Sheryl Crow, Fiona Apple, Sarah McLachlan, and Joan Osborne discuss the summer music festival

By Chris Willman
Updated September 23, 2005 at 04:00 AM EDT

It’s not difficult to see why contemporary women musicians might take to heart the legend of Lilith, a character found in extrabiblical Jewish folklore. As one version of the ancient story goes, Lilith was actually the founder of the First Wives Club, tossed out of Eden and summarily replaced by trophy spouse Eve after refusing to bow to husband Adam’s patriarchal spirit.

So far, so proto-feminist. But then there’s the less precious part of the myth, wherein the banished ex comes back as a vengeful spirit, haunting the happy couple, killing innocents in their sleep, and generally wreaking as much Edenic havoc as a spectral woman scorned can.

You won’t be hearing much about that Lilith — the murderous retaliatory one — from the non-fatale femmes at the blockbuster pop-music festival bearing her name this summer. Lilith Fair, we’re reminded, is about celebration, not comeuppance. Yet you might wonder whether her score-settling spirit is hovering around the sales charts, where young female artists with such singularly memorable names as Alanis, Gwen, Celine, Erykah, Jewel, and LeAnn now dominate like never before, commandeering the top 10 in a fashion that collectively announces: Adam, I’m madam.

The story’s much the same in the concert sheds as in record stores. While early reports from promoters suggest that established tour packages like aggro-fest Lollapalooza and jam-happy H.O.R.D.E. (neither one claiming a single major female act) will play to under-capacity amphitheaters in many cities, first-year Lilith Fair — the brainchild of Canadian songstress Sarah McLachlan — is looking like the summer’s surest fest bet. When McLachlan first announced the idea of a female-led caravan tour a year ago, it seemed like an interesting novelty. Now, given the gender-balance reversal on the charts, it’s almost possible to ignore the exclusion of male artists and think of Lilith as a savvy packaging of the hottest or most promising acts mining the singer-songwriter field.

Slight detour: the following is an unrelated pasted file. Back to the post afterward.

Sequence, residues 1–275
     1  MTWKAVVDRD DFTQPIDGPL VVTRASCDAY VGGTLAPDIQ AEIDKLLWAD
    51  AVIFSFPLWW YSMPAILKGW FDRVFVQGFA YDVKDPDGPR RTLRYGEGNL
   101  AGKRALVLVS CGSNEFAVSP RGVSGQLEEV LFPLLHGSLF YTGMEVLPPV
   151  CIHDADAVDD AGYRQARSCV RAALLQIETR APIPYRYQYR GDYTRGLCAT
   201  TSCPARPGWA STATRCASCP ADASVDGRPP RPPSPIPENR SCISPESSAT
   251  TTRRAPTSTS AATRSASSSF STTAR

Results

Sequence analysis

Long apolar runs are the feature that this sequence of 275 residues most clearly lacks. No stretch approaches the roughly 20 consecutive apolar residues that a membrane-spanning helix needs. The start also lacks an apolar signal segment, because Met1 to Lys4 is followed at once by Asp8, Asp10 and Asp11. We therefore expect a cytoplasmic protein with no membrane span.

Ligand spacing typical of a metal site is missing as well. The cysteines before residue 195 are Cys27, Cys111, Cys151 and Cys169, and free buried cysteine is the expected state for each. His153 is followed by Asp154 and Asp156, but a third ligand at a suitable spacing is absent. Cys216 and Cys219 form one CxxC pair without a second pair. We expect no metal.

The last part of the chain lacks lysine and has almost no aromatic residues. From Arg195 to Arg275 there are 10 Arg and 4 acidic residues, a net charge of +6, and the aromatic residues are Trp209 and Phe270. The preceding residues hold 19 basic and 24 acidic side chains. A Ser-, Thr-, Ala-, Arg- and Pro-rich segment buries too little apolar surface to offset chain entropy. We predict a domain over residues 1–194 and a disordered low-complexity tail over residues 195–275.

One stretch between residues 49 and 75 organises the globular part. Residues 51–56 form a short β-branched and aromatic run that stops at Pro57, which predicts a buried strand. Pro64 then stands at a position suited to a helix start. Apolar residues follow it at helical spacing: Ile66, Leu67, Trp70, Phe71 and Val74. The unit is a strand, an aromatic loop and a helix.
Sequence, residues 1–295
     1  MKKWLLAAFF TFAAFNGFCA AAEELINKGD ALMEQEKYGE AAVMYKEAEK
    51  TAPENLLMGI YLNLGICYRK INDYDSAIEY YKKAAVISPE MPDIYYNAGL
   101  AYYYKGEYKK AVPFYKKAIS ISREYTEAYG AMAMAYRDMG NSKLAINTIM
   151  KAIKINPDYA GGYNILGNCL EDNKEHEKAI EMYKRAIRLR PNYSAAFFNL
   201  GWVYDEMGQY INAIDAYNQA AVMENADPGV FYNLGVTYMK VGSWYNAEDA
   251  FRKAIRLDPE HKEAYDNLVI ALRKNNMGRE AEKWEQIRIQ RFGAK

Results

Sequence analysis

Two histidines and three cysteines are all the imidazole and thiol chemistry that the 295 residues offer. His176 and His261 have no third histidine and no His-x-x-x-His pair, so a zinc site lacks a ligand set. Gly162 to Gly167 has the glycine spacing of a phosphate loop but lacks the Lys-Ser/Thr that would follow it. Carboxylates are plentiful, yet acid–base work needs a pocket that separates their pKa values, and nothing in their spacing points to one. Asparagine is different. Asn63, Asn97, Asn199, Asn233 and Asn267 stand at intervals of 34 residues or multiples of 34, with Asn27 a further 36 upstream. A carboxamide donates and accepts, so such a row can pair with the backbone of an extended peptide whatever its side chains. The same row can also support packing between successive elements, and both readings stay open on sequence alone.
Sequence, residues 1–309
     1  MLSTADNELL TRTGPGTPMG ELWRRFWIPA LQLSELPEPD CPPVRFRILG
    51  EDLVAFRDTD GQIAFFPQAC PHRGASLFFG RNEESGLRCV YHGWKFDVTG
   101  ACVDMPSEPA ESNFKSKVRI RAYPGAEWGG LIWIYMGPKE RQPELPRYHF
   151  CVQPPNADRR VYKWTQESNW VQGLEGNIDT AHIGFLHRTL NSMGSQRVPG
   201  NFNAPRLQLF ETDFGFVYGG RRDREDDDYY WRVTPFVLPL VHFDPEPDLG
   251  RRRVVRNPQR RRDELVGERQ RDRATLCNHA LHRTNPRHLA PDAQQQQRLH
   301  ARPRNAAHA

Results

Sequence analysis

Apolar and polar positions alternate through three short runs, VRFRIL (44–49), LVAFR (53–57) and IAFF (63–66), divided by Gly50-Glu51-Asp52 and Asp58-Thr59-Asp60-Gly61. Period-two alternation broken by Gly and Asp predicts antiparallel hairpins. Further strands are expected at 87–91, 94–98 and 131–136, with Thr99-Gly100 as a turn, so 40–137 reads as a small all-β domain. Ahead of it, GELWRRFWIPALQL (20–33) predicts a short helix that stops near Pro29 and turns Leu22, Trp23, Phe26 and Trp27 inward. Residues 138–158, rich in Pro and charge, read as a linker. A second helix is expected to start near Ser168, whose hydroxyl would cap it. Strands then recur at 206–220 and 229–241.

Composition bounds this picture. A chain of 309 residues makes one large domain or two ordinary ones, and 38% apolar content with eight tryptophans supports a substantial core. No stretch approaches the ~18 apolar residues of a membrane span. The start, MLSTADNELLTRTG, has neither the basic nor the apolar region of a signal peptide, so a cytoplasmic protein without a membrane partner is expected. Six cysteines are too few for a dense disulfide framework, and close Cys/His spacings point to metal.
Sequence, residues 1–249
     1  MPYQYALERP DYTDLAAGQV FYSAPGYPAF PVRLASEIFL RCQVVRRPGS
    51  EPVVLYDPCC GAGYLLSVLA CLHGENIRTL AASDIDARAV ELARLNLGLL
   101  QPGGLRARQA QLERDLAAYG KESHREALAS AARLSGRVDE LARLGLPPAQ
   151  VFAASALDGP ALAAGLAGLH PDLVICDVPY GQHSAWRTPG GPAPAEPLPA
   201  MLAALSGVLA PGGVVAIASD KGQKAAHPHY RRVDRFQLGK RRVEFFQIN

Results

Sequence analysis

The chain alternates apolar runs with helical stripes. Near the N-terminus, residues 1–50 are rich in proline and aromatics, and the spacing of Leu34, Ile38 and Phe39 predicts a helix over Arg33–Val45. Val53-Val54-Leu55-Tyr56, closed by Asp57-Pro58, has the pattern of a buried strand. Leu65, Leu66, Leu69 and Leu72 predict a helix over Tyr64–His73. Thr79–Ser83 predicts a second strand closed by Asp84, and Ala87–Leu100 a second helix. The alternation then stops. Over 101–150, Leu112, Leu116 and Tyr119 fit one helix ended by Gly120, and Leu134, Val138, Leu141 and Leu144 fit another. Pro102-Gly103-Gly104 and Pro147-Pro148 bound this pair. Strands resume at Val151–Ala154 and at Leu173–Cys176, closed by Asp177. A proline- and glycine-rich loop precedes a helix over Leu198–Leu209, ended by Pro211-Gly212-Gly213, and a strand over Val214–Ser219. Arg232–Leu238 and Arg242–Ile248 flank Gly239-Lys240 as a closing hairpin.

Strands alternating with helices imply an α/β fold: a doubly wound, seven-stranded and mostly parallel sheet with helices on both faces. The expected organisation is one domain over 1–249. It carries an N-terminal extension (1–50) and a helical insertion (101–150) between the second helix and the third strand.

Unlike Lolla or H.O.R.D.E., Lilith has a revolving door of artists scheduled throughout its 7-week, 35-city trek, due in part to previous commitments and a desire to feature more acts than a cemented bill would allow. Only McLachlan is playing every town; other commitments range from Sheryl Crow’s 2 gigs (she was already booked for Europe, you understand) to Jewel’s 20. Tagging along for lengths somewhere in between are Fiona Apple, Joan Osborne, Tracy Chapman, Suzanne Vega, Paula Cole, Shawn Colvin, the Cardigans, Mary Chapin Carpenter, Cassandra Wilson, Victoria Williams, and roughly two dozen others.

ENTERTAINMENT WEEKLY asked McLachlan, Crow, Osborne, and Apple — the four women who’ve arguably had the most significant commercial and critical breakout albums of the last five years — to meet at Manhattan’s Pier 59 Studios and chat informally before the tour’s opening dates this week in the Northwest, the Bay Area, and Los Angeles. McLachlan most of all was heartened by the chance to get a head start on what she hopes will happen backstage: up close rapport replacing any hint of rivalry from afar.

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